People are told all the time to dress for the position to which they aspire, not the one that they already hold – and watching my fellow traveller showed me that trying to speak at the next level beyond which you are already proficient will take you to the next linguistic level in the same way. (A style reference!)
The French LOVE their language, and are flattered and delighted when we make efforts. Yes, sometimes they will (as you pointed out) break in and speak English, but usually that is because the French are, overall, a remarkably helpful people and they want to make things easier. Let them know that you want to continue in French, and almost always you will be met with patience and encouragement. (And sometimes you will find that your French is better than their English!)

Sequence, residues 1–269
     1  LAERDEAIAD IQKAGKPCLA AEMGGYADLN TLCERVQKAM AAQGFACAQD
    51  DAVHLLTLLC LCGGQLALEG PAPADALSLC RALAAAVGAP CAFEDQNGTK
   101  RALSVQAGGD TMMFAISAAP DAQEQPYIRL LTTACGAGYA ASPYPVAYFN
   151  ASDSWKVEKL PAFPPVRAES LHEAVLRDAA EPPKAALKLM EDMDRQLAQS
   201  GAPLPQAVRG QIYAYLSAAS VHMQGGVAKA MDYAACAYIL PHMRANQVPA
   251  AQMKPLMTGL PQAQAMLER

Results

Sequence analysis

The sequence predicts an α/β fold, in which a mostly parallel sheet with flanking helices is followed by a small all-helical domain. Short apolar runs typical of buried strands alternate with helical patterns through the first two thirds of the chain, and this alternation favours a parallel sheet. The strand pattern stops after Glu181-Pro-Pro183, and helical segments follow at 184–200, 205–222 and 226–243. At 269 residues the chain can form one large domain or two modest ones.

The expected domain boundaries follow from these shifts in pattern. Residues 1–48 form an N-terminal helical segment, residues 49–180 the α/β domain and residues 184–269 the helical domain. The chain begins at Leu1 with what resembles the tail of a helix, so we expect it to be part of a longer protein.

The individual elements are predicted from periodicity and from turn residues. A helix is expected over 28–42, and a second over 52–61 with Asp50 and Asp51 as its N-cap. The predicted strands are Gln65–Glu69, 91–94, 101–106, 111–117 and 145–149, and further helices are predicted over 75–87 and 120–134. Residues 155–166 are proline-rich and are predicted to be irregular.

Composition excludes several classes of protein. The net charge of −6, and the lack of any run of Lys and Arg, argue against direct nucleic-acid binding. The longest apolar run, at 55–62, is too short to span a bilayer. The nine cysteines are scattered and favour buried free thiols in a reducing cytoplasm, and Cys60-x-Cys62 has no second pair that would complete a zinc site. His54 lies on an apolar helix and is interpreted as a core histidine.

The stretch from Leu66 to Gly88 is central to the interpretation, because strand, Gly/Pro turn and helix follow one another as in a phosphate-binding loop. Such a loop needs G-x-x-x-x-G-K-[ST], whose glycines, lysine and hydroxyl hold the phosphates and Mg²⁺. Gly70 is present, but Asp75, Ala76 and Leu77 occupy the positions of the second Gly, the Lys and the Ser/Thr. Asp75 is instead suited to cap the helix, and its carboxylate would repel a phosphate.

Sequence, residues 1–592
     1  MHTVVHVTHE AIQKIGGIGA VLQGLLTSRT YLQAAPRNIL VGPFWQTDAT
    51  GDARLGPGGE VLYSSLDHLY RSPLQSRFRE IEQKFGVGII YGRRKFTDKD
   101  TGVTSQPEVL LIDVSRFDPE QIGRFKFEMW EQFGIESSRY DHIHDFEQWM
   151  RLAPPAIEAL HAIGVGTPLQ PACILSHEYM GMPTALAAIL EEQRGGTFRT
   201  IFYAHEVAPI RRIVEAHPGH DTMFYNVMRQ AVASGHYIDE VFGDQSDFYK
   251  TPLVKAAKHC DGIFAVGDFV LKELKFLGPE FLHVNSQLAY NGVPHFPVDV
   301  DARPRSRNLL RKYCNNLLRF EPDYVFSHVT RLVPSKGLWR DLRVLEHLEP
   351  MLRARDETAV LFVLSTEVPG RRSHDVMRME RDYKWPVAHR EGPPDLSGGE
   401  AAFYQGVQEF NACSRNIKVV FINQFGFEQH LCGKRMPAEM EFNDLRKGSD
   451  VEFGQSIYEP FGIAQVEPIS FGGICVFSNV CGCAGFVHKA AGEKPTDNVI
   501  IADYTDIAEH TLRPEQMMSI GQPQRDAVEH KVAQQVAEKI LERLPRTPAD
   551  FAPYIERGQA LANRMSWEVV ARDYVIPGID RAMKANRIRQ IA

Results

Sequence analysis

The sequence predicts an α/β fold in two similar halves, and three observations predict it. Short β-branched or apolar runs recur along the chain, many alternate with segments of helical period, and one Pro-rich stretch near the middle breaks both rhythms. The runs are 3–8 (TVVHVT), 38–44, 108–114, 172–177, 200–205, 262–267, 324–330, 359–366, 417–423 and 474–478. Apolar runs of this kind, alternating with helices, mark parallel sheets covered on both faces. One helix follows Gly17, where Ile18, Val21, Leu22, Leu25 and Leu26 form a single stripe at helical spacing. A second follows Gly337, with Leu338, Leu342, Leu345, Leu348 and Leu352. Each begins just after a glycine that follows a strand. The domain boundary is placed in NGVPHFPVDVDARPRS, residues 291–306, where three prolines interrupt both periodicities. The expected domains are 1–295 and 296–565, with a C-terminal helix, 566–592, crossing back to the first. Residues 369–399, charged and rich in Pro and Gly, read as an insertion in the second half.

It was my absolute pleasure to answer your questions publicly Alisa – thank you so much for asking them. I’m not sure that I hold myself back because I want to be perfect, but I definitely have a level of self consciousness about my French language skills.I think I need to follow the lead of your ‘exception’ (and your style reference) and start speaking for the conversations that I want to have… I’ve done way more than 2 semesters at the Alliance!!!
Enjoy the rest of your travels. Stay safe and have an amazing time xx.